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One morning two years ago, the nation woke up to bloody news.
Blood from black people, including that of President Thabo Mbeki, was considered diseased until proven otherwise by the South African National Blood Service (SANBS).
The news, leaked by an insider, shocked South Africa and stunned the world.
The sceptical Western media had a field day. Archbishop Bishop Desmond Tutu's Rainbow Nation wasn't working.
The black majority, who are the smallest demographic segment of blood donors, felt vindicated. Their blood wasn't needed.
With such bad press, a mop-up operation was needed to restore the credibility of blood donation in South Africa, and rid the SANBS of its racial stigma.
Along came Loyiso Mpuntsha, a doctor and an amiable middle-aged mother of three, on whose puny shoulders the responsibility rested.
Her appointment as the chief executive of SANBS was in itself ironic.
A few years ago she was shopping in a city mall when she saw a mobile blood donation station. She decided there and then to do her civic duty.
"I stood there waiting to be attended to, but the white personnel manning the station just ignored me. At the same time, they were aggressively trying to get white shoppers to donate."
She left disgusted.
But when we met last week at Park Hyatt Hotel in Rosebank, there was no sense of rancour about her. In fact, after an hour's meeting, I left with the feeling that she is generous to a fault.
In her first statement after being appointed to head SANBS in March last year, she paid tribute to the leadership of the very organisation that didn't care a hoot about her blood.
"My team and I will do our best to honour the legacy of our predecessors while improving the systems and strategies to achieve the SANBS' vision and mission," she said.
The earlier incident of blood classification along racial lines amuses rather than upsets her.
SANBS was considered a racist organisation and a lot of black people felt their blood was not needed. She had to work hard to give it a complete make-over and that meant a lot of PR work.
The racist past of her organisation aside, one of the anomalies of South Africa that perturbs her is that black people, who make up more than 80percent of the population, only account for a mere 20percent of blood donors.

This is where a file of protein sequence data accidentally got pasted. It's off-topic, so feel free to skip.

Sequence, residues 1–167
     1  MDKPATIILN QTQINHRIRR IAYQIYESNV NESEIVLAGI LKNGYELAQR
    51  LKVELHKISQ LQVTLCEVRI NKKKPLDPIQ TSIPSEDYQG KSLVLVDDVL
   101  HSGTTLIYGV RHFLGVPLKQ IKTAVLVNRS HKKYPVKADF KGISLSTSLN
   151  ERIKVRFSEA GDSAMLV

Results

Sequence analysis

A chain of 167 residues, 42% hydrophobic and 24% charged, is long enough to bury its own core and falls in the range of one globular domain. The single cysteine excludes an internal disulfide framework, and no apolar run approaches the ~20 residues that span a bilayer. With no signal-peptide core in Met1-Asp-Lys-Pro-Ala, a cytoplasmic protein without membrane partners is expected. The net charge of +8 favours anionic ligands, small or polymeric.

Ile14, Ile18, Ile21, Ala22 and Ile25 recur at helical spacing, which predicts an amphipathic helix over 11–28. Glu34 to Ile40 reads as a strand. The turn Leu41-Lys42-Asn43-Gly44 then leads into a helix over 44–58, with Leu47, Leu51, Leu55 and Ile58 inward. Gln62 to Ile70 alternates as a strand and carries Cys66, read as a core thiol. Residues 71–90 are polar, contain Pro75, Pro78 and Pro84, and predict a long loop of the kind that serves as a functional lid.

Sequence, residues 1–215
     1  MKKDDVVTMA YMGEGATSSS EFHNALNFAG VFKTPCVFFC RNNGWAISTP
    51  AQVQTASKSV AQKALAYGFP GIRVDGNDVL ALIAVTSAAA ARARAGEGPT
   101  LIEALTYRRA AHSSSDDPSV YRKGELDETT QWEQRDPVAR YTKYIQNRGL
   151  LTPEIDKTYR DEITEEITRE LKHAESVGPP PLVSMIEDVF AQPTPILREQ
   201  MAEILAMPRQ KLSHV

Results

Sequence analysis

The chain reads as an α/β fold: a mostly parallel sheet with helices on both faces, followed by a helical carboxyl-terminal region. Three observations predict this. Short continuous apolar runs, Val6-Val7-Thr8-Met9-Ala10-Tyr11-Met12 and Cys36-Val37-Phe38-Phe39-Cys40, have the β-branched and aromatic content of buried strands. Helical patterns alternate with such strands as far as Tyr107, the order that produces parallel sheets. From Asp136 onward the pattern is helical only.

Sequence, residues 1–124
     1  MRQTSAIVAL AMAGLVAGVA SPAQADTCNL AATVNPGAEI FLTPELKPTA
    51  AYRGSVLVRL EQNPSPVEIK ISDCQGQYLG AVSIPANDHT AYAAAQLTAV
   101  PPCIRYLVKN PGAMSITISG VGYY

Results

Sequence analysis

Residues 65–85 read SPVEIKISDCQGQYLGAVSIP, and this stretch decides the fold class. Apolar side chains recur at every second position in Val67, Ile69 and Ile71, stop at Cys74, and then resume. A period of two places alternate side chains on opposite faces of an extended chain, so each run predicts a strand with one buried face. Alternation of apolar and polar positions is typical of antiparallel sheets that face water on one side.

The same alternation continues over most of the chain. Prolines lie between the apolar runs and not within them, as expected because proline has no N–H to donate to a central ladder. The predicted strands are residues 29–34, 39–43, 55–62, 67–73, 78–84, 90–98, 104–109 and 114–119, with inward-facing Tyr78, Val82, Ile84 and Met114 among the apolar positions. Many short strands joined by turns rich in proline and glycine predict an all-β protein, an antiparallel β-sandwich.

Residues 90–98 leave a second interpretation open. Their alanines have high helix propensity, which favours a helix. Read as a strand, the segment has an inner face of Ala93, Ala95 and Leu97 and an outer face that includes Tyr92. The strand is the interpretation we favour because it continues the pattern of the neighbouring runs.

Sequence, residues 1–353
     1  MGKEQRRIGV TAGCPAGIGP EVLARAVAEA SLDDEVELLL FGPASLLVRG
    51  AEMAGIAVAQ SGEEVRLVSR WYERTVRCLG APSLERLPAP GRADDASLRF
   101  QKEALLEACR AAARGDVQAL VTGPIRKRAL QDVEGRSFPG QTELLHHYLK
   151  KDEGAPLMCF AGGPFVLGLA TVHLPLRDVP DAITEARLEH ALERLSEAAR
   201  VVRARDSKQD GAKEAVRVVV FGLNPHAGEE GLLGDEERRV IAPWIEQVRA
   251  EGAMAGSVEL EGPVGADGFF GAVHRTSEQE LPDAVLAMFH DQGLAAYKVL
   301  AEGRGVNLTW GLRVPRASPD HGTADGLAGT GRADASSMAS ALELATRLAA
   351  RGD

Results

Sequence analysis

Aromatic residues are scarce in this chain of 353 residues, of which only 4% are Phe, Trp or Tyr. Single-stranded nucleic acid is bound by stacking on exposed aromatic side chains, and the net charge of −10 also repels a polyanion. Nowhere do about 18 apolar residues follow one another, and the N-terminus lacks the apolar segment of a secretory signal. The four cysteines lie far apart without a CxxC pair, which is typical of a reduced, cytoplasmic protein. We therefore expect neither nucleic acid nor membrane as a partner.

Ideally, she believes, all healthy South Africans should donate blood three to four times a year to keep the blood bank stocked up with enough deposits.
"There are individuals, especially Afrikaners, who donate blood up to 200 times in a lifetime," she said.
These selfless people are awarded Lifetime Achievement certificates.
As we sat down in the pristine gardens of the plush hotel, she told me that the country was experiencing a serious crisis because we had blood stocks that would last only two days.
She has set herself and her team a three-year plan to achieve her goal of making South Africa one of the leading blood donor countries in the world.
One of the strategies includes massive investments in infrastructure, building more blood clinics, mostly in black townships, and recruiting more personnel.
One of the first specialist blood centres will be built at the Maponya shopping centre in Soweto, and there are plans for others in Umlazi, GaRankuwa, Mamelodi and Mafikeng.
For an organisation that doesn't rely on government funding, the investment is going to be huge. SANBS is a self-funding organisation, selling blood to hospitals, clinics and medical centres.
It is responsible for blood transfusions in eight provinces, bar the Western Cape.
A country girl at heart, Mpuntsha, her husband and their three girls are planning to spend their next holiday in Mpumalanga.
She regularly returns to her ancestral home in rural Debenek in the Eastern Cape, where she loves immersing herself in duties like brewing umqombothi and partaking in cultural rituals.
Got a pint to spare for her?
l To view the interview, go to our podcast at www.sowetan.co.za. Anyone you would want featured as Andrew Molefe's People, email email@example.com